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Delayed offensive wears at Pakistan's antiterror credibility

US envoy Richard Holbrooke Thursday defended the military, which has been launching 'softening up' operations in South Waziristan for more than a month.

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But the days stretched into weeks, and the feeling that an attack is eminent has diminished. For its part, the Army says its airstrikes are a preliminary step before ground operations.

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"The time and the place of the offensive will be chosen by the military at the right time. The time hasn't come so far," says military spokesman Gen. Athar Abbas. "We are still seeking effects through siege and aerial targeting."

The military will wait until it senses it can achieve reasonable success with a ground offensive, says security analyst Gen. (ret.) Talat Masood.

That could mean it waits indefinitely, notes Khalid Aziz, chairman of the Regional Institute of Policy Research and Training in Peshawar.

"The numbers required would be too huge, the terrain wouldn't allow it, and it would sap anyone's strength. So it's going to be an aerial blockade with occasional special forces going in when there is a high-value target," says Mr. Aziz.

Added to that mix are the US-operated aerial drones that frequently target militant leaders operating in the tribal areas of Pakistan, including South Waziristan. According to reports, US counterterrorism officials believea drone strike in Pakistan this spring may have killed Osama bin Laden's son.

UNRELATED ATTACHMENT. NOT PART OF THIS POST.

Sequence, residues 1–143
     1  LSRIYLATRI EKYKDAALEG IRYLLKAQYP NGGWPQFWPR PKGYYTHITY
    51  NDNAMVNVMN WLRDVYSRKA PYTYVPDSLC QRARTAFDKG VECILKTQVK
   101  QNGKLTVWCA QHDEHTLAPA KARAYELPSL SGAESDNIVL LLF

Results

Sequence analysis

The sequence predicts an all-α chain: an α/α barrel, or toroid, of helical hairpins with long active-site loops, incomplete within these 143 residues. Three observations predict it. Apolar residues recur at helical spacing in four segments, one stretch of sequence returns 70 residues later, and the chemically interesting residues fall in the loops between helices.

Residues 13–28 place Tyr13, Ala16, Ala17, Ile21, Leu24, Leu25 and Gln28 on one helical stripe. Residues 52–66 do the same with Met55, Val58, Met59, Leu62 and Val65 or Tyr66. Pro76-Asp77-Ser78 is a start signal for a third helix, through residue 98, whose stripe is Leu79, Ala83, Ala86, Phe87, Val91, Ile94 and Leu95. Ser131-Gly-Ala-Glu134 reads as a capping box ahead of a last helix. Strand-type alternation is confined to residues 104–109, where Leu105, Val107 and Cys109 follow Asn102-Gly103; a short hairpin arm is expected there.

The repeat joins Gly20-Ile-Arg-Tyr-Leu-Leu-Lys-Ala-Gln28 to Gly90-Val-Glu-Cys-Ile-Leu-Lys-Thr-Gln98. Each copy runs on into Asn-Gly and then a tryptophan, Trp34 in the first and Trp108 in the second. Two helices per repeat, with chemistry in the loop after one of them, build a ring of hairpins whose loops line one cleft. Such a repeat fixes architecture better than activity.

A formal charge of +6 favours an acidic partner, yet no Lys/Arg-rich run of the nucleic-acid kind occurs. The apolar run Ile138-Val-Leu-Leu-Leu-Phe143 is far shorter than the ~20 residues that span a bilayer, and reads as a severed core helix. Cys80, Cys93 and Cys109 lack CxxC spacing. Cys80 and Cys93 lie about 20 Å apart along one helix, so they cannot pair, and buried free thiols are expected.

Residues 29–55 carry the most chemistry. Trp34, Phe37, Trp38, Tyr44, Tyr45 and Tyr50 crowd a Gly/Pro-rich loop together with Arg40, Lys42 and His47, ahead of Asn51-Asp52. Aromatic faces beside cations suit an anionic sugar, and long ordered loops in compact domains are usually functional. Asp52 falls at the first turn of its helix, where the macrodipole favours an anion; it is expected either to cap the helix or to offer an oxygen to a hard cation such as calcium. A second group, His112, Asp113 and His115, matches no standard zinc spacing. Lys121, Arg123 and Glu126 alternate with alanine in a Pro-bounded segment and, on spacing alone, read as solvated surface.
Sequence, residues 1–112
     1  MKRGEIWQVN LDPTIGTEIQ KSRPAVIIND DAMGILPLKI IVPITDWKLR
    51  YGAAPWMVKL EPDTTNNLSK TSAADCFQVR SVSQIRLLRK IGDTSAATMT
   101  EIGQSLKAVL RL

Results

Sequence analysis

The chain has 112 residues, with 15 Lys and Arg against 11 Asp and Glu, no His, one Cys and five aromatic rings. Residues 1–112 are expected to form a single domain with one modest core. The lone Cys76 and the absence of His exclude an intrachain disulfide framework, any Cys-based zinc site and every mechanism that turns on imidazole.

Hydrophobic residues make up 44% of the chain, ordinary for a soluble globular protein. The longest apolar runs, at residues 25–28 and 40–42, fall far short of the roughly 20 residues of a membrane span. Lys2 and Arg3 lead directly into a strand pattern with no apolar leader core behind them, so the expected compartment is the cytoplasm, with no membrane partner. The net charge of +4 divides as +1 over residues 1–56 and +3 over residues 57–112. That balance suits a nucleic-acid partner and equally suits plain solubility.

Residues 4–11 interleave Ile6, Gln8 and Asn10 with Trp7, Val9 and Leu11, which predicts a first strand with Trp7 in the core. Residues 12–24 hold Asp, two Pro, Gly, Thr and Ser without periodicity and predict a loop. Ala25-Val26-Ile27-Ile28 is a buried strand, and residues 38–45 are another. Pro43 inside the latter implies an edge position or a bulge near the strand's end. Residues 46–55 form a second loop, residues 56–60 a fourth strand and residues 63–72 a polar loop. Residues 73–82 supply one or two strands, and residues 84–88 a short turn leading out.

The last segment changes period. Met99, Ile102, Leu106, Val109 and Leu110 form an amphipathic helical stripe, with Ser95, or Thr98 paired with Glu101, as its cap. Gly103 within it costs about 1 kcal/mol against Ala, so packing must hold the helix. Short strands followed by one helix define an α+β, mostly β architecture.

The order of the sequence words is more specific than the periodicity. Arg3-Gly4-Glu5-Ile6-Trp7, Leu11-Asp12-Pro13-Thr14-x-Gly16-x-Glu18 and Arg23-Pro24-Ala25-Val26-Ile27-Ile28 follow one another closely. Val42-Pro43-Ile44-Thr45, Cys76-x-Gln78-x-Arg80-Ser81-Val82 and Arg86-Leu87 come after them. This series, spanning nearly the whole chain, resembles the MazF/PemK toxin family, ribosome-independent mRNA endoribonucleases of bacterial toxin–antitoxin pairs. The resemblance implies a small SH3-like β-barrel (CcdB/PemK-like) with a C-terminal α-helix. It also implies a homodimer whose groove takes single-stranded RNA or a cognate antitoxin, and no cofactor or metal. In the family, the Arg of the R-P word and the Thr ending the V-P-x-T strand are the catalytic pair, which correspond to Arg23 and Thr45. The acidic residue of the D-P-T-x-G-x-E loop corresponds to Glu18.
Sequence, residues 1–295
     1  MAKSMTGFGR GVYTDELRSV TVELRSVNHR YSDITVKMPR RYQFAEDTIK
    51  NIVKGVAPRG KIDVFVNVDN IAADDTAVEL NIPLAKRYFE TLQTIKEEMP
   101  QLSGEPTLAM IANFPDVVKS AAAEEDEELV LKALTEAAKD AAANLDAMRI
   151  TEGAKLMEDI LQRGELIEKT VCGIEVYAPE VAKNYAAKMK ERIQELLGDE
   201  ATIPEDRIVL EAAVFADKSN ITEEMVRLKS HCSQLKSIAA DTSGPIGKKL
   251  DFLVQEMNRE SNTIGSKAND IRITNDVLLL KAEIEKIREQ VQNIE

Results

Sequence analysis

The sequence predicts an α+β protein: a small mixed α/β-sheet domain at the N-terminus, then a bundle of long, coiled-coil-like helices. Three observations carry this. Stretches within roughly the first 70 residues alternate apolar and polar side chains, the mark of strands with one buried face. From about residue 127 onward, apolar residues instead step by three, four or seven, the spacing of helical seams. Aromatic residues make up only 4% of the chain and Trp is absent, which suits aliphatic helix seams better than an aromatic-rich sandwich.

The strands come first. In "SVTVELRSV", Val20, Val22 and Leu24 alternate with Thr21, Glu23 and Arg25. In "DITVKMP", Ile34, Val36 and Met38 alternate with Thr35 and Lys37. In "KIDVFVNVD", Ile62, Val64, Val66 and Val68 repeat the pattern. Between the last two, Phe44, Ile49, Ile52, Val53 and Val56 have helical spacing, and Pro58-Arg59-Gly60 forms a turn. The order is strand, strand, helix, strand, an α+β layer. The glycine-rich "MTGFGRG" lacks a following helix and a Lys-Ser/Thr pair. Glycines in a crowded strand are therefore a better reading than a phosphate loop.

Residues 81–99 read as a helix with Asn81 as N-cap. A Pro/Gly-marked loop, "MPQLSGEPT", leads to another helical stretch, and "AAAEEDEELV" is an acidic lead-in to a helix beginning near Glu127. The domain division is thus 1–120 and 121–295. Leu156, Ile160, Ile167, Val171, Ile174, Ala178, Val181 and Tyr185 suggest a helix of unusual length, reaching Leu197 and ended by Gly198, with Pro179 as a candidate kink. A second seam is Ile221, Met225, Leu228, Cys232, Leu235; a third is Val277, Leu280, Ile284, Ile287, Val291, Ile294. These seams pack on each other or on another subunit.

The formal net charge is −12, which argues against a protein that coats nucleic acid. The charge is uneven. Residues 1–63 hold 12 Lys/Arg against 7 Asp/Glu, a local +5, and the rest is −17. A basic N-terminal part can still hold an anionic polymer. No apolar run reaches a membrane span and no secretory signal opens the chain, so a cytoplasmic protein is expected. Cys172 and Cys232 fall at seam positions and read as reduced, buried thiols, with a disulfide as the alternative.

Giving militants time to escape?

Leaders like Mr. Afridi who represent Pashtuns living in Pakistan's tribal areas express strong doubts that Islamabad has turned completely against the Taliban.

They point out that only one top commander has been captured or killed so far in Swat, leaving the command and control structure intact. The weeks of delay in South Waziristan, they say, is another chance to let leaders slip away ahead of time.

"If the Army will be starting a ground offensive, against whom? Against the trees. The livestock," says Said Alam Mehsud, the leader of a new Pashtun nationalist group in Peshawar called the Pashtun Awareness Movement.

This strain of popular Pashtun thinking that Pakistan is playing a double game has its critics among some Pashtun leaders, including Rustam Shah Mohmand, a former ambassador to Afghanistan.

"They forget there is an American factor. They forget Pakistan is very closely coordinating with the Americans," says Mr. Mohmand. "The Army now means business and the proof of the pudding is in the eating."

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